This paper discussed the following critical issues of the 1980s for women and children in Bangladesh: 1) Excessive disparity between men and women in access to nutrition, health care and medical services, and in education, literacy and vocational training; 2) The lack of opportunities for female income-earning and non-recognition of female labor force in the agricultural economy; 3) The weakness of social and legal rights and the overall low status of women in society; 4) The limitations of government programs and the constraints of orthodox thinking; 5) The large number of windows; 6) The neglect of children in development planning. The role of international organizations, such as UNICEF, in formulating and coordinating realistic policies is discussed, along with the role of voluntary organizations. A framework of suggestions for action is presented. The following areas are identified as critical: population control and health, access to education, improved economic conditions, socio-cultural attitudinal changes, and improved quality of life for children. Development planners are urged to recognize that in order for overall economic progress to take effect, women and children must be integrated into development schemes. Men, women and children support each other in a large number of productive and economic activities -- their roles are interdependent in the existing structure. Consequently, action needs to be taken wherever possible to provide opportunities to the deprived women and children of Bangladesh.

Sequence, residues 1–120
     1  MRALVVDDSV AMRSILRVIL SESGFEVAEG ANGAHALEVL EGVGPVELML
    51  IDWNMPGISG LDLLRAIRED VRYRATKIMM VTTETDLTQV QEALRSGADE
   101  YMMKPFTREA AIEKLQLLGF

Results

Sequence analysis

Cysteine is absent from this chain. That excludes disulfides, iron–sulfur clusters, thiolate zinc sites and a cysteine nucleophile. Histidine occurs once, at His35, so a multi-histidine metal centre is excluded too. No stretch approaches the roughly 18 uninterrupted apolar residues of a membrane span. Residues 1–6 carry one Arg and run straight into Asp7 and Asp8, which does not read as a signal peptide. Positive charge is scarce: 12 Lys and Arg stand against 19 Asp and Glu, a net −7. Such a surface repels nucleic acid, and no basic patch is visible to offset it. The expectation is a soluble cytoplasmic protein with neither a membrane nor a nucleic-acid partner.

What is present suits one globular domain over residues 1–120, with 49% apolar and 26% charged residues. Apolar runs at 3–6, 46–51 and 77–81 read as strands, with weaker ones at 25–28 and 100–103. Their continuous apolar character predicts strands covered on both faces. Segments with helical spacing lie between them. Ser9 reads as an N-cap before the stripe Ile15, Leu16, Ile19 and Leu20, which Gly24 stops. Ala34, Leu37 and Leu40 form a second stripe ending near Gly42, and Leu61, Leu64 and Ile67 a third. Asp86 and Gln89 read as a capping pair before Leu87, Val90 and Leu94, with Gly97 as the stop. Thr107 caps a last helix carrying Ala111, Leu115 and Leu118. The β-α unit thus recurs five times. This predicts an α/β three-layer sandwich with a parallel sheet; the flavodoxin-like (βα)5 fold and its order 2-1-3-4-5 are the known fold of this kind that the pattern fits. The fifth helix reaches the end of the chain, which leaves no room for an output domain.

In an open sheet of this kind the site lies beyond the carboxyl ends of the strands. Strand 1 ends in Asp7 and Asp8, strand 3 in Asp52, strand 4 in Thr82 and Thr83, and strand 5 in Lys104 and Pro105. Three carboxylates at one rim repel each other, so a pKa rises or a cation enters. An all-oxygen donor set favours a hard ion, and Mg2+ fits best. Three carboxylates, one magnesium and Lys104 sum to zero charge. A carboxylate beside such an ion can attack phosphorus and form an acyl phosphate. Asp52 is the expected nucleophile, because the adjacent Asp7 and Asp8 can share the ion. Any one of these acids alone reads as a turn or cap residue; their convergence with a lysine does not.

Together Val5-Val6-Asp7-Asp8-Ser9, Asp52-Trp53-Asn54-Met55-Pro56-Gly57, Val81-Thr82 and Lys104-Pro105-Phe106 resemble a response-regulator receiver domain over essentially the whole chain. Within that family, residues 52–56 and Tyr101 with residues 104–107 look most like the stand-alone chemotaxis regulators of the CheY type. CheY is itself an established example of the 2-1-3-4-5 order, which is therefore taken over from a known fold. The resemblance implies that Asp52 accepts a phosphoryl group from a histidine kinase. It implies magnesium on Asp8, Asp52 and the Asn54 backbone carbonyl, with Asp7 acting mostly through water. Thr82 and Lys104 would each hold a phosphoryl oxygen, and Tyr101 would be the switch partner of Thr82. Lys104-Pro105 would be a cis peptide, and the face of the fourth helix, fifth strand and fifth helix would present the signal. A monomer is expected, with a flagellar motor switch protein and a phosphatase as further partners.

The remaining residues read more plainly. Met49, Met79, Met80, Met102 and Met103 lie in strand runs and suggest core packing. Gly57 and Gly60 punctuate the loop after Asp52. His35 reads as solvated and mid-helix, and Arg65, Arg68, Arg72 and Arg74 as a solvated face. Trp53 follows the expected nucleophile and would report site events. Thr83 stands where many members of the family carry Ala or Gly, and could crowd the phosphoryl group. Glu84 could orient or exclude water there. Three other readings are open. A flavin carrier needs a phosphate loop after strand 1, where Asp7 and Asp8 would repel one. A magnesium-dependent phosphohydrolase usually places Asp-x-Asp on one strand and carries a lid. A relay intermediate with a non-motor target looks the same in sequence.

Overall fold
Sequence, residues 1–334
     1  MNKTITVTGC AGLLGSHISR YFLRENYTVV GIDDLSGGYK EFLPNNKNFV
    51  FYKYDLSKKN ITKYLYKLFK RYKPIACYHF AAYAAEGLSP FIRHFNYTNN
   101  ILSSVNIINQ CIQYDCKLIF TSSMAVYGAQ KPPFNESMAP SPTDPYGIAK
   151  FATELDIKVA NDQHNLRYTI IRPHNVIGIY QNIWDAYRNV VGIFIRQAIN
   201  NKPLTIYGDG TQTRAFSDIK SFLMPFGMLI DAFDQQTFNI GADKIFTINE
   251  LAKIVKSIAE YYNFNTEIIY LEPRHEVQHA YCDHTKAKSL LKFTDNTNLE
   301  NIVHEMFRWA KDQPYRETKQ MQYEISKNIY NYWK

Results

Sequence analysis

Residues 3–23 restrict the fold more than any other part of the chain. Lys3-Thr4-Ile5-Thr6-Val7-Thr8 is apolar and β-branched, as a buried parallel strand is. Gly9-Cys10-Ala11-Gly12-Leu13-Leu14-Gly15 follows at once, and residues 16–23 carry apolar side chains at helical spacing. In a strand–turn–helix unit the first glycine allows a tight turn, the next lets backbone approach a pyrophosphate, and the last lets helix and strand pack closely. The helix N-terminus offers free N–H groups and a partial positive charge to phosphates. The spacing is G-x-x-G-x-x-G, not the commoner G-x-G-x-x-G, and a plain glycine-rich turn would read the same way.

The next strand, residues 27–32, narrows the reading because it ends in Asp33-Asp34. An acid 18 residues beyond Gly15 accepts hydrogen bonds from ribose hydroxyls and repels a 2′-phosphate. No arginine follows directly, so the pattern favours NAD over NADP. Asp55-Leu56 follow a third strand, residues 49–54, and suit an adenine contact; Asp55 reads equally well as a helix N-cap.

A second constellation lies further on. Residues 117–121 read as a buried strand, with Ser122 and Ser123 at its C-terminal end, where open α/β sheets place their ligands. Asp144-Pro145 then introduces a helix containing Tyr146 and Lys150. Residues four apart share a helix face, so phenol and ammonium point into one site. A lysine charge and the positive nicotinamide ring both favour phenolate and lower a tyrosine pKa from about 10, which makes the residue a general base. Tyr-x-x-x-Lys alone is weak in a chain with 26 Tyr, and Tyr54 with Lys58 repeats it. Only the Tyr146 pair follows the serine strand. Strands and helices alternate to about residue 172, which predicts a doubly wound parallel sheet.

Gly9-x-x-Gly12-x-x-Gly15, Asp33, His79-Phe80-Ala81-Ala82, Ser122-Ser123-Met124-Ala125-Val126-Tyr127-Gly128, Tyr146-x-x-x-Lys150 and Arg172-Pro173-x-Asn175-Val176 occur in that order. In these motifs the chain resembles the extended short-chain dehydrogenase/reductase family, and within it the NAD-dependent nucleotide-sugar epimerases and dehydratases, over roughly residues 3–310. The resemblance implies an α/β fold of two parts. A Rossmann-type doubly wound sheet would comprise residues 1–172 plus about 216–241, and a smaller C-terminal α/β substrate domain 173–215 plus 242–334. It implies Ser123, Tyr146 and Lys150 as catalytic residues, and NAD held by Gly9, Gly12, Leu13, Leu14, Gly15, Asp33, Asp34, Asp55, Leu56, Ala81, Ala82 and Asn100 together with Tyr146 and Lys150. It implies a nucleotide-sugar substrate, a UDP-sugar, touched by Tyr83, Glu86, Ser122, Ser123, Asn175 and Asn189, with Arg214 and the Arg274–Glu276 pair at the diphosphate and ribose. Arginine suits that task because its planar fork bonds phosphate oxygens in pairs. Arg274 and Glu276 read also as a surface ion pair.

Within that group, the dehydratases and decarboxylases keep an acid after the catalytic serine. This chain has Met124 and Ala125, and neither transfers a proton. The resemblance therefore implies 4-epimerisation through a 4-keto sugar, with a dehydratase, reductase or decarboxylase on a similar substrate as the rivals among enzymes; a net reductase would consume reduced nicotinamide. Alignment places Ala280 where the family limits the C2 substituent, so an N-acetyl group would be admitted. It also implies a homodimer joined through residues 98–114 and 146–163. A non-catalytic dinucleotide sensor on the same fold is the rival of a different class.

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  17. 17

    The role of UNFPA in promoting of population and development planning.

    United Nations Fund for Population Activities [UNFPA]

    In: Latin American Conference on Population and Development Planning, Cartagena, Colombia, 1979. Final report. New York, New York, United Nations Fund for Population Activities, 1979. 1-17. (RLA/78/P15; UNFPA/79/CDPP/LA/3)